‘World’s loneliest killer whale’ filmed repeatedly smashing head against tank

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A caged killer whale has been filmed repeatedly ramming her head into the side of her tank in a shocking video.

Kiska the orca's alarming behaviour was reportedly filmed at MarineLand in Niagara Falls, Canada.

Whistleblower Phil Demers, who used to work at the park, claims 44-year-old Kiska was caught off the coast of Iceland and has been in captivity since 1979.

For the last decade Kiska has been alone after outliving her five calves, to earn the sorry title of the loneliest whale in the world, iNews reports.

In a 30-second aerial clip taken by Mr Demers, Kiska can be seen ferociously whacking her head and body against a wall.

He urges shocked viewers to share the footage to help raise awareness and 'free Kiska'.

It was shared online with the caption: "This video was taken on Sept 4th, 2021. Anti-captivity activists entered MarineLand and observed Kiska, their last surviving orca bashing her head against the wall. Please watch and share. This cruelty must end. #FreeKiska."

A second video uploaded to Twitter by Mr Demmers, shows a much closer side view of the whale's concerning behaviour.

He claimed: "Another angle. This is dangerous and self harming behaviour. Kiska is in distress."

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The aerial footage has been viewed more than 190,000 times on Twitter and has almost 3,000 retweets.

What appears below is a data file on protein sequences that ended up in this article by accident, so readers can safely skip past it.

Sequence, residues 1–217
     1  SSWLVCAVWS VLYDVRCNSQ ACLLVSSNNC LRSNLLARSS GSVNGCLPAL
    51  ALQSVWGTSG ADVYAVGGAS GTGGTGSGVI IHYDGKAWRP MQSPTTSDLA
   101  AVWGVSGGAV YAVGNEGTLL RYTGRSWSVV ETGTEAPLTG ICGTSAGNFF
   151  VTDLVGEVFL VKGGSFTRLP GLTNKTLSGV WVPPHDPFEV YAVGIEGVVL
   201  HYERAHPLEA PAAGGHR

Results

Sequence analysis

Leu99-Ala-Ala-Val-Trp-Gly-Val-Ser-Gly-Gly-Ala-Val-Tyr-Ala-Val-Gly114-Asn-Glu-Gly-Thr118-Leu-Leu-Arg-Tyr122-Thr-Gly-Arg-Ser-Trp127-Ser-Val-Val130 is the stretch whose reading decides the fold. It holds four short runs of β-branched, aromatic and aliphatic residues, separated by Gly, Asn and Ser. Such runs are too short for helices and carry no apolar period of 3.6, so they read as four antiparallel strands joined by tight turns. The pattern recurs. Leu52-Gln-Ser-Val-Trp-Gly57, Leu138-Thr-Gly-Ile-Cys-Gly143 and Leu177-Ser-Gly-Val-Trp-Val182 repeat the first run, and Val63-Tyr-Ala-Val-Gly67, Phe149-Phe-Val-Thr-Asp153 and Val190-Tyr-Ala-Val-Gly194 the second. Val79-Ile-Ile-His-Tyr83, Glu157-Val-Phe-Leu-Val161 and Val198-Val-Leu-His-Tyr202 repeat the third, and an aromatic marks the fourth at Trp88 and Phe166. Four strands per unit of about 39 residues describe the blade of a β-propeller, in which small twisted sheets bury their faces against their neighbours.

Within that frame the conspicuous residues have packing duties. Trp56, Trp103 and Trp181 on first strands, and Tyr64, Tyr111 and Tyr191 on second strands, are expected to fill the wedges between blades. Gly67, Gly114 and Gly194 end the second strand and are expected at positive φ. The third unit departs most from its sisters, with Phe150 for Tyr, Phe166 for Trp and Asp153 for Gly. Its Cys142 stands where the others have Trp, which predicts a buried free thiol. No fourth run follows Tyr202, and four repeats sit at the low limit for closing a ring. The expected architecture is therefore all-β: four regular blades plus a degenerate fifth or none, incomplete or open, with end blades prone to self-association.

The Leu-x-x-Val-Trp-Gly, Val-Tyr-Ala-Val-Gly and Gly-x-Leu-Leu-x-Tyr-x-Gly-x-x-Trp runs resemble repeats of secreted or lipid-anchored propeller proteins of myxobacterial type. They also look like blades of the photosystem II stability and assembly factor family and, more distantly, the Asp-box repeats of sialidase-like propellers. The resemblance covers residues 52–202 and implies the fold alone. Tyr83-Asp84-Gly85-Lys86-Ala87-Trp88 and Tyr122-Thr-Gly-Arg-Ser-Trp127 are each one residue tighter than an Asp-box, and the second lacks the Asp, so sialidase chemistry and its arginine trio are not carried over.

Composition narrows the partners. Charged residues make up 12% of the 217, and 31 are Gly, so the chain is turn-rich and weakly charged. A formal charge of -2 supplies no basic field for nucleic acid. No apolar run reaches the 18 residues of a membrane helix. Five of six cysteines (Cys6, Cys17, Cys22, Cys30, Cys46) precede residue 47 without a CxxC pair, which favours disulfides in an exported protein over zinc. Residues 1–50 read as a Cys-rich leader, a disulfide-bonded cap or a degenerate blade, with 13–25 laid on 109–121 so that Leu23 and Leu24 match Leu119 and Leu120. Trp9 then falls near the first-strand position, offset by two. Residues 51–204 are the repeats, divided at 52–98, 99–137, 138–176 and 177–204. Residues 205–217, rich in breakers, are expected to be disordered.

Mr Demmers added: "I want to see Kiska taken to an interim facility with other orcas until the Whale Sanctuary Project (in Nova Scotia) is built.

"Visitors can support find the Whale Sanctuary as well as support animal abuse whistleblowers at The Whale Sanctuary Project."

In a follow up tweet, the campaigner, who has over 36,000 followers on the social media platform, wrote: "Whales should never be on planes. Whales should never be in pools. Whales need to be in the ocean."

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Rob Lott, end captivity campaigner at the Whale and Dolphin Conservation, said the behaviour "is a direct, stress-related result of wild-caught Icelandic orca, Kiska being raised in an artificial, concrete environment for the last four decades".

He continued: "Sadly, this isn’t unique and the repetitive, self-inflicted behaviour shown by Kiska has been seen in other captive orcas where years of boredom in barren, featureless tanks with little or no stimulation manifests itself this way.

"Chronic stress can compromise captive orcas’ immune systems and physiology causing illness and sometimes death.

"Kiska has been without an orca companion since 2011 and is deprived of every aspect of the social culture she would have experienced in the wild.

"Orcas, and indeed all whales and dolphins, are extremely poor candidates for life in captivity."

Mr Demers is also raising money to help marine mammals with a Gofundme page which had raised over £150,000 by Saturday evening.

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